Innovating storytime at City of Sydney Library
16 Jun 2022
Story Box Library recently spoke with Annette Webb, part of the programming team at City of Sydney Library. The team produces public programs, from talks and makerspace workshops to creative performances and early childhood content. Running Auslan and English storytime in branches since 2017, Deaf and hard of hearing children and their families can engage with storytelling at the library.
“Libraries can play an important role in engaging children who are Deaf or hard of hearing by featuring Deaf presenters as literacy role models, and more broadly, have a powerful platform to showcase diversity in presenters and audience members,” Annette says.
Tell us about the development of your Auslan and English storytime.
English literacy levels vary greatly in children who are Deaf compared to hearing children. To best support the development of English literacy for this audience, a proficient or native signer features in our storytimes with an interpreter reading the book in English.
Book selection is also extremely important as some books work much better in Auslan than others. Again, we are guided by Deaf presenters in this area. During Covid branch closures, all face to face programming was suspended and, like many other libraries, we began producing videos of our storytimes. We have been doing this since June 2020 and have just produced our 68th Auslan and English storytime online video.
We work closely with our partner Deaf Connect to ensure this program is relevant, inclusive and engaging.
Image credits (right): City of Sydney Auslan and English storytime, photographer Adam Hollingworth
What are some of the biggest benefits that delivering your Auslan and English storytime has brought to your community?
In terms of our branch storytimes, which have returned since Covid and happen on the 2nd and 4th Saturday of each month at Glebe Library, these provide a powerful opportunity for Deaf children to have a story read to them in their native language. We have also had children who are non-verbal and acquiring Auslan as their primary means of communication benefit greatly from our face to face sessions.
These sessions also build strong foundations for a child’s relationship with libraries and books. Our videos have gained a large and dedicated audience with over 25,000 views and lots of positive feedback from teachers and families. Because our video featured several key signs for each story, family members can learn the signs along with their child.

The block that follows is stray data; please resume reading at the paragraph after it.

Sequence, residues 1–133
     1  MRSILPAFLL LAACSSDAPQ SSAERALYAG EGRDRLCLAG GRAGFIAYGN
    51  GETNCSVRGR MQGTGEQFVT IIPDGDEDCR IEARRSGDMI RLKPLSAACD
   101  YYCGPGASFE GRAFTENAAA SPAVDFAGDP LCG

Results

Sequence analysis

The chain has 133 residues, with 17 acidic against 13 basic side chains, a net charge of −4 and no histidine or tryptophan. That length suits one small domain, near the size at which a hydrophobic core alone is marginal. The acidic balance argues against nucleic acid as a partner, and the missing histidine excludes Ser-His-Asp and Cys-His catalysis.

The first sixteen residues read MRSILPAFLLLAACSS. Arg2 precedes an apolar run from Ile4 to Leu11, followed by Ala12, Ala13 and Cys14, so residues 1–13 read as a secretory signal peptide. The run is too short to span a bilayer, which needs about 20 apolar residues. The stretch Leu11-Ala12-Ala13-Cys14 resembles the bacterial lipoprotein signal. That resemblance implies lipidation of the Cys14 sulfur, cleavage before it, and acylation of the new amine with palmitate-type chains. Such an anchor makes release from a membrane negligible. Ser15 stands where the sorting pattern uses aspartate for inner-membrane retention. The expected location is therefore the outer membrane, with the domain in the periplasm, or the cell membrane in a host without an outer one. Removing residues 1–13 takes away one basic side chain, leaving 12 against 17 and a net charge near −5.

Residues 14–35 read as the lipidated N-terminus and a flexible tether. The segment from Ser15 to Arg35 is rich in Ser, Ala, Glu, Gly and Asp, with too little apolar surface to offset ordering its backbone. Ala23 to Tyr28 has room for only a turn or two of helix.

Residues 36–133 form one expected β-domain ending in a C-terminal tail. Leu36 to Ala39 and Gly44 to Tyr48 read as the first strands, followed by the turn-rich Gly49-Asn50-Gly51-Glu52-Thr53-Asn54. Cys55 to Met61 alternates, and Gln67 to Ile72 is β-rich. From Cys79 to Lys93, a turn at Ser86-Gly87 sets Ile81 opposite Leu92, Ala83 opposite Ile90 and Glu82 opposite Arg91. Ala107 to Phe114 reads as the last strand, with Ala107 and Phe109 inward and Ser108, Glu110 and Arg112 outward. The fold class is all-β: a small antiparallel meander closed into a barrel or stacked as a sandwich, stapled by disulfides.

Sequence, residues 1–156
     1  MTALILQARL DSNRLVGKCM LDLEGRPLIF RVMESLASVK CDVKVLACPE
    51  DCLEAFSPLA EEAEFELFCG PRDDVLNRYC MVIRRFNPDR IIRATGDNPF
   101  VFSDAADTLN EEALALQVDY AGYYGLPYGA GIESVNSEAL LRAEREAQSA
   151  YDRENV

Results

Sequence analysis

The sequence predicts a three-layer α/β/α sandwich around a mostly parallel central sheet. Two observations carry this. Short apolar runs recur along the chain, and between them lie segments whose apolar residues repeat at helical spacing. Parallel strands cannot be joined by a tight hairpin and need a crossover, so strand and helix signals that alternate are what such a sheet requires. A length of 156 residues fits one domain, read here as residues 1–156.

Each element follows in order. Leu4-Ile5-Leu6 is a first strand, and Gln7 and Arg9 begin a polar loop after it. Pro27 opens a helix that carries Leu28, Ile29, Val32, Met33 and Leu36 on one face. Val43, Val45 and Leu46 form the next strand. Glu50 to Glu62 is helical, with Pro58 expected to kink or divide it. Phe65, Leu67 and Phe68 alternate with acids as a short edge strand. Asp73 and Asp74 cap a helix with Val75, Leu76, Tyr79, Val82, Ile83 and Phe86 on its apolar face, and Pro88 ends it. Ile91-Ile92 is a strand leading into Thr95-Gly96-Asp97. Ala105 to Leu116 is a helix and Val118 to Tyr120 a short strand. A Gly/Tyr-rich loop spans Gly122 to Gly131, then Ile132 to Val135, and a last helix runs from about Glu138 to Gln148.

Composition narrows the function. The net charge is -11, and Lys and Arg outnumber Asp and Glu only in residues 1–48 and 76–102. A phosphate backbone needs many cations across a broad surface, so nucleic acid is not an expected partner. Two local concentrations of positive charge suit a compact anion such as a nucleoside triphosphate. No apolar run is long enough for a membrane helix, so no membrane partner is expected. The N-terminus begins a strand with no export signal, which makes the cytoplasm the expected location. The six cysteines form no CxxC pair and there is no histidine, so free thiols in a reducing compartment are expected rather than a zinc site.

Another great benefit of the online videos is people who do not live in Sydney can access these bespoke early literacy supports on demand. Both our face to face and online versions of this program provide important exposure to Deaf culture for hearing children and their families.
How can other digital resources, like Story Box Library, assist in creating greater inclusive approaches to literacy and learning for children with disabilities?
Other digital resources can foster greater inclusivity with their content by ensuring that the product is able to be accessed readily by children with disabilities. This can be through compatibility with assistive technologies and being available in different formats and presentations.
Building a resource that can be customised to the individual user’s preferences in terms of visual, audio, written and other content will allow resources to be of greater benefit to the unique learning needs of the user.
Digital resources creating greater inclusion in literacy and learning
City of Sydney Library recommends the following list of digital resources to assist in creating greater inclusive approaches to literacy and learning for persons with disabilities:
Accessible text (font size, colours, contrast, text spacing)
Ability to change text (font size, font style, colours, contrast, text spacing, dyslexia-appropriate text)
Ability for users to zoom and increase areas of the webpage and/or text
Audio/sound and text (providing text and sound together to increase learning and understanding)
Ability for users to access audio options for users who have vision impairment allowing them to have the page converted to audio
Ability to change the speed of audio to allow users to slow or increase the speed of audio
Closed captioning options for videos
Multiple language interfaces (the ability to switch between languages)
Easy navigation of digital resources
Accessibility on devices (PC, mobile, tablet)
Adaptive design (website is mobile friendly and adapts to mobile/tablet/PC)
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